Conor P. Williamswrote for the 74 on the future of charter schools under new presidential leadership.
I spent some time earlier this month walking the halls of D.C.’s Walter E. Washington Convention Center for the National Charter Schools Conference. It was a diverse crowd: thousands of education leaders from Hawaii to Massachusetts engaged in myriad conversations about charter school instruction, staffing, financing, and more. Folks were excited to be in the capital and eager to learn more about how shifting federal priorities could influence the charter school movement.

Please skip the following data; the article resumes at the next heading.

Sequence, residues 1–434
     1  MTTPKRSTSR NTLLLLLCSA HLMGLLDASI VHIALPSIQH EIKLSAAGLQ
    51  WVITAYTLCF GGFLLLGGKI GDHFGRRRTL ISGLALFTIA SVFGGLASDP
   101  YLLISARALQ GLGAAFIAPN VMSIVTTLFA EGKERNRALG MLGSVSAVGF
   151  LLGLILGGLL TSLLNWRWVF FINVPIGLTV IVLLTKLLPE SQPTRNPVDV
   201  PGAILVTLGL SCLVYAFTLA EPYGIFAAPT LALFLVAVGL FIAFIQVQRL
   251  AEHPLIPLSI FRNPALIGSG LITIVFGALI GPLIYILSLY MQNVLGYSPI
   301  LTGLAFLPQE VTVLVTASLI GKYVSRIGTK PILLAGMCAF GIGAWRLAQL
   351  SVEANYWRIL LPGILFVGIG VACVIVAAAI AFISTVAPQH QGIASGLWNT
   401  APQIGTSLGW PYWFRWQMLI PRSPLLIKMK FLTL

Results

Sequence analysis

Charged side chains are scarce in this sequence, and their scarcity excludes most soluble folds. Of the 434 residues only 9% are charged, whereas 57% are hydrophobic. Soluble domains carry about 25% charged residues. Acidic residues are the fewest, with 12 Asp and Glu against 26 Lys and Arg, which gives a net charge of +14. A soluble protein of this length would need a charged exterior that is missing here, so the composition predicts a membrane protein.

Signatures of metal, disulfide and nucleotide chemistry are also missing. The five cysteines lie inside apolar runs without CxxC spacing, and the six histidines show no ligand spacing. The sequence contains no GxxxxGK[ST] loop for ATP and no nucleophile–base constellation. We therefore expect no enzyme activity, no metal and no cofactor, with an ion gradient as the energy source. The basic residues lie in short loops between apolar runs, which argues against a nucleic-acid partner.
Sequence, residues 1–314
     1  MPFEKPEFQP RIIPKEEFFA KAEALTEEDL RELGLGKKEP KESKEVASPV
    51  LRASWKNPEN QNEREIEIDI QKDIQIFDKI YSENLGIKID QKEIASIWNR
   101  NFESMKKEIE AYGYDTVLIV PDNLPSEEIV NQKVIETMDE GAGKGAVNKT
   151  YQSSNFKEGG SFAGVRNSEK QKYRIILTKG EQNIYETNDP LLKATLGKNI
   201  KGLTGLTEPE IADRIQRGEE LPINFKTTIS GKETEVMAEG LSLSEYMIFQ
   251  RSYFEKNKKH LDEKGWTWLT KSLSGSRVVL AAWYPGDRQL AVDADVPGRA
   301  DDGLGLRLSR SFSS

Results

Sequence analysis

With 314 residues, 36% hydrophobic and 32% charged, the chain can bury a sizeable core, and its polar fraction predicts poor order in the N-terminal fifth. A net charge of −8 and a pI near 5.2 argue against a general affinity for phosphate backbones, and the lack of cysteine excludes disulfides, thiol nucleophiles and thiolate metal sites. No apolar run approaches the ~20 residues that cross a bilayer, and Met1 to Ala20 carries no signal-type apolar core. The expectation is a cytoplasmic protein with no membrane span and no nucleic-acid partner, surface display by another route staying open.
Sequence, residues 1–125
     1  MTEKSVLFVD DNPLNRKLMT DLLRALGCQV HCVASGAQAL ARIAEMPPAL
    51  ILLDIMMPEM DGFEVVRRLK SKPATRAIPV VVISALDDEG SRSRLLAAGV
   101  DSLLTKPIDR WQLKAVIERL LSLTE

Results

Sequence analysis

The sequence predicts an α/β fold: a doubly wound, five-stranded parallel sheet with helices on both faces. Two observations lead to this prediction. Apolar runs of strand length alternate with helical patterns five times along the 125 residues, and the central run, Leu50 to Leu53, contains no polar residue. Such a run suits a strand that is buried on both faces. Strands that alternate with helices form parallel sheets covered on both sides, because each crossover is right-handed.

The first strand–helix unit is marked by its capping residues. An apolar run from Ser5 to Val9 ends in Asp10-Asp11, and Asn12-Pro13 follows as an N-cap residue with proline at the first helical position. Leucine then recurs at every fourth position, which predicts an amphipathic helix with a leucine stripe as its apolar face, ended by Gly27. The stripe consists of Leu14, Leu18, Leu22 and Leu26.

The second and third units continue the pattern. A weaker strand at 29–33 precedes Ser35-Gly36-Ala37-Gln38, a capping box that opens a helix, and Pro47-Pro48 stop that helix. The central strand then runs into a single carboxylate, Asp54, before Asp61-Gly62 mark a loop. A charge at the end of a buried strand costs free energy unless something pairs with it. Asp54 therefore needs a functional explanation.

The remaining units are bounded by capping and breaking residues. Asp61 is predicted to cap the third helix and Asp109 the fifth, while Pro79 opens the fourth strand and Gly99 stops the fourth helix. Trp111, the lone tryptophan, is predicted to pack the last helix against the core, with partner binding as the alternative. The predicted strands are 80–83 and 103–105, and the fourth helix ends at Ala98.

One thing stood out, however. With a few exceptions, the closer attendees worked to kids and schools, the more skeptical they were of President Trump. Teachers, principals, charter school operators were almost uniformly pessimistic about the current administration — particularly the president’s budget proposal. By contrast, the conference’s wonks, consultants, and advocates were, by and large, much more open-minded about Trump and Education Secretary Betsy DeVos, who addressed the conference on the third day.